After sclerotherapy to a varicose vein I have noticed what appears to be a blood clot beneath the skin. Is this common?

I had a vein in my thigh injected around 4 weeks ago and it is still painful, lumpy, and has just developed what appears to be a clot beneath the skin surface at the injection site. I am aware superficial thrombophelbitis is a complication with injection into larger veins and have been wearing a compression stocking. I walk, but it hurts to sit or kneel as the vein feels tight. I have no follow-up appointment arranged, but am wondering whether I should phone the hospital for a possible draining.

Doctor Answers 2

Injected varicose vein should have evacuation.

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What you describe appears to be a clotted varicose vein following sclerotherapy.  This occurs frequently especially in the larger veins.  You should be seen by your treating physician and, most likely, the area will need to be drained.  While waiting for drainage, local care with wet warm compresses, support hose and ibuprofen would help.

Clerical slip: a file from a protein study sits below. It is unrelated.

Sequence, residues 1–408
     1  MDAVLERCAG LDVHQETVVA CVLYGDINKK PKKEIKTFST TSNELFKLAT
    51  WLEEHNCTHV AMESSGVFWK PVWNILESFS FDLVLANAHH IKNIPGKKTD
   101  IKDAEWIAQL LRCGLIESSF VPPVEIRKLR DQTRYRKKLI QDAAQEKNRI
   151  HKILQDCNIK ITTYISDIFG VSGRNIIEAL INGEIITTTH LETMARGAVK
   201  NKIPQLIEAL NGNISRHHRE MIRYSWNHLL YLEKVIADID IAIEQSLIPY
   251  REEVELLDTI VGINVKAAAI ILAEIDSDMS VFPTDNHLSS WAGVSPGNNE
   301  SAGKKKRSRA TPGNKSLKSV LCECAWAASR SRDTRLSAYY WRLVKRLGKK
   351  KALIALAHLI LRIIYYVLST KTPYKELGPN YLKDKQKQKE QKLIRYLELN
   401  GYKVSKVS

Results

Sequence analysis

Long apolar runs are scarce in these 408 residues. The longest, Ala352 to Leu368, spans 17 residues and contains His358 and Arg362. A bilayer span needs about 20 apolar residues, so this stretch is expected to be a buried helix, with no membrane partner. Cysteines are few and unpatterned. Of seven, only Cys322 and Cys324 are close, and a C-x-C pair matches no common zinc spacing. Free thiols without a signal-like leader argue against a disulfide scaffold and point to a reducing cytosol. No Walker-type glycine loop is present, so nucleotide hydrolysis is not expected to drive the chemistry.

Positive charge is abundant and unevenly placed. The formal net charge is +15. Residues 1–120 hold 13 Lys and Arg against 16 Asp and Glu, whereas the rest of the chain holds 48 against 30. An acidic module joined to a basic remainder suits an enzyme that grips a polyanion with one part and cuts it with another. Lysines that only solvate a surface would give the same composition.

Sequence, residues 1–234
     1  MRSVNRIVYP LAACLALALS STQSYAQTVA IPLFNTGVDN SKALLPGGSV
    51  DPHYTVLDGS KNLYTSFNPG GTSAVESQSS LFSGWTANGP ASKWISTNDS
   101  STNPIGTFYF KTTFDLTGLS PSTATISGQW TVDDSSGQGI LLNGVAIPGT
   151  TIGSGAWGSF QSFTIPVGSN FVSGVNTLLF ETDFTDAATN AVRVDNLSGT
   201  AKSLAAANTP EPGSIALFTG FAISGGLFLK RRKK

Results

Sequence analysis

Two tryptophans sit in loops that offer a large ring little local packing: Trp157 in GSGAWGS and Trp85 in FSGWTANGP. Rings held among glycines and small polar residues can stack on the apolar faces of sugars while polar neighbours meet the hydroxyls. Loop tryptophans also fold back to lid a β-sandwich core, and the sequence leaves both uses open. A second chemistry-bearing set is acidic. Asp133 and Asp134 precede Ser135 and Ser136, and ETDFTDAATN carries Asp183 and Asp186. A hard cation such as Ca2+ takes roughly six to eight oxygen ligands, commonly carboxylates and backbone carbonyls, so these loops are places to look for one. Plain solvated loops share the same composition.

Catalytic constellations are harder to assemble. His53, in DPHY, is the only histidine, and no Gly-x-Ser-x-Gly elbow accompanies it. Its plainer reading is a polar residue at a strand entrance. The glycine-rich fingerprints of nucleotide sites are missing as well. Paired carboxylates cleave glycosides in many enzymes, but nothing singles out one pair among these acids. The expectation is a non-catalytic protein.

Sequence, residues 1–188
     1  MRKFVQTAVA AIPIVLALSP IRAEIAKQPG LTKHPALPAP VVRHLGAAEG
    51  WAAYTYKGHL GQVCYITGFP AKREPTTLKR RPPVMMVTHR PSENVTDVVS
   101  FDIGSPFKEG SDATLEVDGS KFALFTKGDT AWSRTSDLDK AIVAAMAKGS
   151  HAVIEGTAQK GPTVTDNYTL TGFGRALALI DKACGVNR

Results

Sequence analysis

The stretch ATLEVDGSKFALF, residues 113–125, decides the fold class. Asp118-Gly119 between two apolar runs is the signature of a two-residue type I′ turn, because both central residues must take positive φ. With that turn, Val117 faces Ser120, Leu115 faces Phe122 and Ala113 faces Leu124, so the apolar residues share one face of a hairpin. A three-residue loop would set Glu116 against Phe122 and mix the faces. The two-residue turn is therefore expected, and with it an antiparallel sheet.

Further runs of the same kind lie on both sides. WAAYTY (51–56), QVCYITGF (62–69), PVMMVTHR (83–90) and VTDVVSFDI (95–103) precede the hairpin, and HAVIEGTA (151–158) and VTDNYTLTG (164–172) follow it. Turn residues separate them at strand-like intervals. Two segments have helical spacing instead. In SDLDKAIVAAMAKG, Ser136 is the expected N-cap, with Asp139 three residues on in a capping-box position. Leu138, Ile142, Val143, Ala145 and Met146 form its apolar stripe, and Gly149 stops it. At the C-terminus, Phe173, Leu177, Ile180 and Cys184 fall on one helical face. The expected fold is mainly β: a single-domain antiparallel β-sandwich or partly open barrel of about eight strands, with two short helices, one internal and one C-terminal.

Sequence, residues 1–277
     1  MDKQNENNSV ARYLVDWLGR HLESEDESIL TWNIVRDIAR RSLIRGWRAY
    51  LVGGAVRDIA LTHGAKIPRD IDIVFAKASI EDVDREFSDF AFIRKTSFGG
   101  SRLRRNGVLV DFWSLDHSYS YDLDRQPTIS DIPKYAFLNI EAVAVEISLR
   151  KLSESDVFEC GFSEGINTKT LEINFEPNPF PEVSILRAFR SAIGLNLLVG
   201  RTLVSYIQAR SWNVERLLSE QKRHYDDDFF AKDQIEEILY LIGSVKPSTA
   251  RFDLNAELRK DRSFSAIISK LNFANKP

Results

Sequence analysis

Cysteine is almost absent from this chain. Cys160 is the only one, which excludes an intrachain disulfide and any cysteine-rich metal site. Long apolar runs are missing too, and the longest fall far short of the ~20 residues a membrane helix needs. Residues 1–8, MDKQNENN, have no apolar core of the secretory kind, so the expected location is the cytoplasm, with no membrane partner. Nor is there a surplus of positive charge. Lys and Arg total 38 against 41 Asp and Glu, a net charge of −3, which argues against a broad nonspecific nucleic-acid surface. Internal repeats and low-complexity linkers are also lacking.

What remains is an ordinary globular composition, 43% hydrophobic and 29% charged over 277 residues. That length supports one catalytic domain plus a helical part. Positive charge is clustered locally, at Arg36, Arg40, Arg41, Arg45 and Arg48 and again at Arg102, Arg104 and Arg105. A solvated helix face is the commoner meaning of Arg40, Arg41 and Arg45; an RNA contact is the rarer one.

Naples General Surgeon

Superficial vein thrombophlebitis

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Follow up is essential to make sure there is no DVT. Most likely it is what you describe, as injecting into large varicose veins can cause superficial vein thrombophlebitis to occur, especially if there is inadequate compression immediately after the proceure with ace bandages and thereafter with compression hose. I typically drain these with micropuncture techniques in order to minimize hyperpigmentation of the skin which will result as well as more pronounced telangiectasia (telangiectatic matting). I recommend a product called a Phlebitis Pak to my patients and also direct them to use topical creams (VenoQuin and VenoLucent) to prevent the hyperpigmentation.

Clinically, I would advise that you take ibuprofen for pain relief. Contact the vein specialist immediately to be seen for this. 

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